LABELS: COMPOUND MODIFIER, GRAMMAR, hyphenation, hyphens
“Are the hyphens in this sentence correct?” a colleague asked me recently: “The couple moved in to the beautiful 175-luxury apartment-home community just two weeks after it opened.”
Hyphens are often intuitive. People who’ve spent exactly zero minutes of their lives reading about hyphen rules tend to get right terms like “a good-looking car” or “a cloud-filled sky” without even thinking about them.
Other times, hyphens aren’t so clear. That’s especially true for compounds with more than two words, for example when you have “175” and “luxury” and “apartment” and “home” all modifying a single noun: “community.”
Luckily, with some hyphenation basics under your belt, you can make good choices in every situation.
The basic principle: Hyphenate words that work together to modify another word that follows. That is, words that team up to form an adjective, describing a noun. Or words that work together to form an adverb, describing a verb or an adjective.
Compare: “I saw a dog eating lobster” and “I saw a dog-eating lobster.” In the first one, “dog” isn’t part of an adjective. It’s the object of the verb “saw,” working as a plain-old noun. What did you see? A dog, and it was eating lobster.
But in “I saw a dog-eating lobster,” you didn’t see a dog at all. You saw a crustacean. Its tendency to eat canines is merely descriptive.
This is what hyphens do: prevent confusion. They help make it clear which part of a word cluster is the object or subject by sort of sequestering all the other words that could be mistaken for the object or subject.
In the jargon, we say hyphens connect “compound modifiers.” Adjectives and adverbs modify other words, so they’re modifiers, and when you string words together with hyphens, the result is a compound.
Here's my recent column explaining why I used three hyphens to make "175-luxury-apartment-home" a single compound.
LABELS: enormity, GRAMMAR
“While on the glacier, it was impossible not to feel humbled and awe-struck by its enormity.”
“I stood outside the arena amazed by its enormity.”
“When I look up at the night sky I am just overwhelmed by its enormity.”
If you were a student of William Strunk in the early 20th century carefully following the instructions laid out in his classroom guide “The Elements of Style,” you would have had no problem using the word “enormity” to refer to size — as the writers of the passages above did.
But if you read a copy of Strunk and White’s “The Elements of Style” in the late-1950s or later, you would think that it’s a mistake to use “enormity” to mean bigness.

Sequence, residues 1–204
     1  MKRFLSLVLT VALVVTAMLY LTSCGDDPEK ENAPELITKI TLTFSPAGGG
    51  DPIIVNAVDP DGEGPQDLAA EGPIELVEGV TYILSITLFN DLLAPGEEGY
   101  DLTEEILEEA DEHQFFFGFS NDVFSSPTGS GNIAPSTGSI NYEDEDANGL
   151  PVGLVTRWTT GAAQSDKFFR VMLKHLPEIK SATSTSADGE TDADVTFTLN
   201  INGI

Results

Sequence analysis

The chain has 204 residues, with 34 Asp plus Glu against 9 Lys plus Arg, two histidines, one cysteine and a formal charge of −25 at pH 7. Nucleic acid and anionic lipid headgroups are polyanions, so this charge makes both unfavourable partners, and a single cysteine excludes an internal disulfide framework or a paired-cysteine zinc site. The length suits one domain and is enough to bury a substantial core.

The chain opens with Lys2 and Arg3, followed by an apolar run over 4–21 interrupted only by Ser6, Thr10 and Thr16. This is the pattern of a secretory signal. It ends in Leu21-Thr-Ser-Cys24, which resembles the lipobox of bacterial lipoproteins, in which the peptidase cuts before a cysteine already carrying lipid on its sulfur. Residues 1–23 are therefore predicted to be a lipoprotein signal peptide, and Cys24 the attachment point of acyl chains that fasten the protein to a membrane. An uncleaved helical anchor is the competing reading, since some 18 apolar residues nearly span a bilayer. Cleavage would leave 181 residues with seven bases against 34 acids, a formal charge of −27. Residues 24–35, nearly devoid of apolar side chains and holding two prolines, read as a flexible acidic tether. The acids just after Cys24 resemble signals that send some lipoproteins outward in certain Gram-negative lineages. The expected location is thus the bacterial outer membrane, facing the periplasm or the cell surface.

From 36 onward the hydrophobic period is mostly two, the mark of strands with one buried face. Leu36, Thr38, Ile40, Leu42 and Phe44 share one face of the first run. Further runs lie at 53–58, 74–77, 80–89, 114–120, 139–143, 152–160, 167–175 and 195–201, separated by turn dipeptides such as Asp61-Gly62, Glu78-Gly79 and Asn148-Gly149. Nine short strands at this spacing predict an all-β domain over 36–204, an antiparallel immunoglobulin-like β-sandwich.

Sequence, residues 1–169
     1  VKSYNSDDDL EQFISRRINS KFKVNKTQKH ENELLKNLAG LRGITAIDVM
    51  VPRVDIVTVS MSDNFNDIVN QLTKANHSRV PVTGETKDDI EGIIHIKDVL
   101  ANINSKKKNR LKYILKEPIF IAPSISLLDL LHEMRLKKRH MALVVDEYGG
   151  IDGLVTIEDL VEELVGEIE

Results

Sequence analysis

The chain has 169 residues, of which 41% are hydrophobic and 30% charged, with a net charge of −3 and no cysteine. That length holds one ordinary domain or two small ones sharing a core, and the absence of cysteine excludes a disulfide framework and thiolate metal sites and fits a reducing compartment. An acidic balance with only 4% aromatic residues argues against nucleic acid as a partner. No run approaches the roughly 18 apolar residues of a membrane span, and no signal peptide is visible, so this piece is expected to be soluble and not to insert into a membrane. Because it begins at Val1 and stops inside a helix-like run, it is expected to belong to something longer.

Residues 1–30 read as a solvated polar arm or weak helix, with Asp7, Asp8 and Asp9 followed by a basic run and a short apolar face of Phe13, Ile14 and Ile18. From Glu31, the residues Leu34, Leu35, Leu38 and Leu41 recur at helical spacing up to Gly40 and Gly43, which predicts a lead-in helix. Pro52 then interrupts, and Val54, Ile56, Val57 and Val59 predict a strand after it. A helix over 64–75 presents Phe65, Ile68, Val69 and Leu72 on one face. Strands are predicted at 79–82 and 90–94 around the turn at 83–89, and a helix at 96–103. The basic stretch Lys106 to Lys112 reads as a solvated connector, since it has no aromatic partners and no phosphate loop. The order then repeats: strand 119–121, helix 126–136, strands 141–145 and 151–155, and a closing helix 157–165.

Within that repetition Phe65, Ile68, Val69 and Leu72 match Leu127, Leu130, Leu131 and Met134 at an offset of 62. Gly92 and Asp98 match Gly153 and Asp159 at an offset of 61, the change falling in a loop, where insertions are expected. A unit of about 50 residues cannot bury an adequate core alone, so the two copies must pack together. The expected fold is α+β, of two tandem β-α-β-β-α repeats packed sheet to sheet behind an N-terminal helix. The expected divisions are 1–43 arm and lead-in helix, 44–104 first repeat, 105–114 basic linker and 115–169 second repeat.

Yet if you open a dictionary today, you’ll see it’s not a mistake at all. What gives?
Well, like a lot of words, “enormity” has gone through significant changes over the years, some stickler-approved, some not.
Team Stickler is best represented by E.B. White, a onetime student of William J. Strunk, who in the late 1950s added about 50 pages to his former professor’s short classroom guide, transforming it into the bestseller that still rakes in the bucks today.
Among the many bits of information White inserted to make Strunk’s classroom instructions sound like universal rules for every English speaker was this: “Enormity. Use only in the sense of ‘monstrous wickedness.’ Misleading, if not wrong, when used to express bigness.”
If you’re looking for the safest, most buttoned-down way to use “enormity,” you can stop reading here. Just stick to the meaning about badness, not bigness, and no one can say you’re wrong. If you want a more thorough understanding of the issue, you can read about it in my recent column.
LABELS: COLON TO INRODUCE QUOTATION, GRAMMAR, quotation marks, QUOTATIONS
Michael: The incident has already been reported.
When you see that sentence, do you think that I’m talking to Michael, or do you think that Michael said that and I’m quoting him? What if we added one more line for context?
Michael: The incident has already been reported.
Timothy: Then, sir, all is lost!
It’s starting to look like dialogue, right? Like the words after the name Michael are not me talking but in fact are Michael’s own words. Naturally, if I added quotation marks, all doubt would be erased.
Michael: “The incident has already been reported.”
But the quote marks would be wrong. For dialogue, according to both the Associated Press Stylebook and the Chicago Manual of Style, from which I lifted this Michael-Timothy dialogue verbatim, you should use only a colon and no quotation marks.